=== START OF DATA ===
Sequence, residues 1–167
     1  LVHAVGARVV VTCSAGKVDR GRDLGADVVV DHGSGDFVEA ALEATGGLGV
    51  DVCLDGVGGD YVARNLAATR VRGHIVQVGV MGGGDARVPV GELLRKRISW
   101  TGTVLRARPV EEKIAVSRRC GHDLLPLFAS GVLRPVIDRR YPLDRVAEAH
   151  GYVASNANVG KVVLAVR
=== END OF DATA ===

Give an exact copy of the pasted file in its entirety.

Sequence, residues 1–167
     1  LVHAVGARVV VTCSAGKVDR GRDLGADVVV DHGSGDFVEA ALEATGGLGV
    51  DVCLDGVGGD YVARNLAATR VRGHIVQVGV MGGGDARVPV GELLRKRISW
   101  TGTVLRARPV EEKIAVSRRC GHDLLPLFAS GVLRPVIDRR YPLDRVAEAH
   151  GYVASNANVG KVVLAVR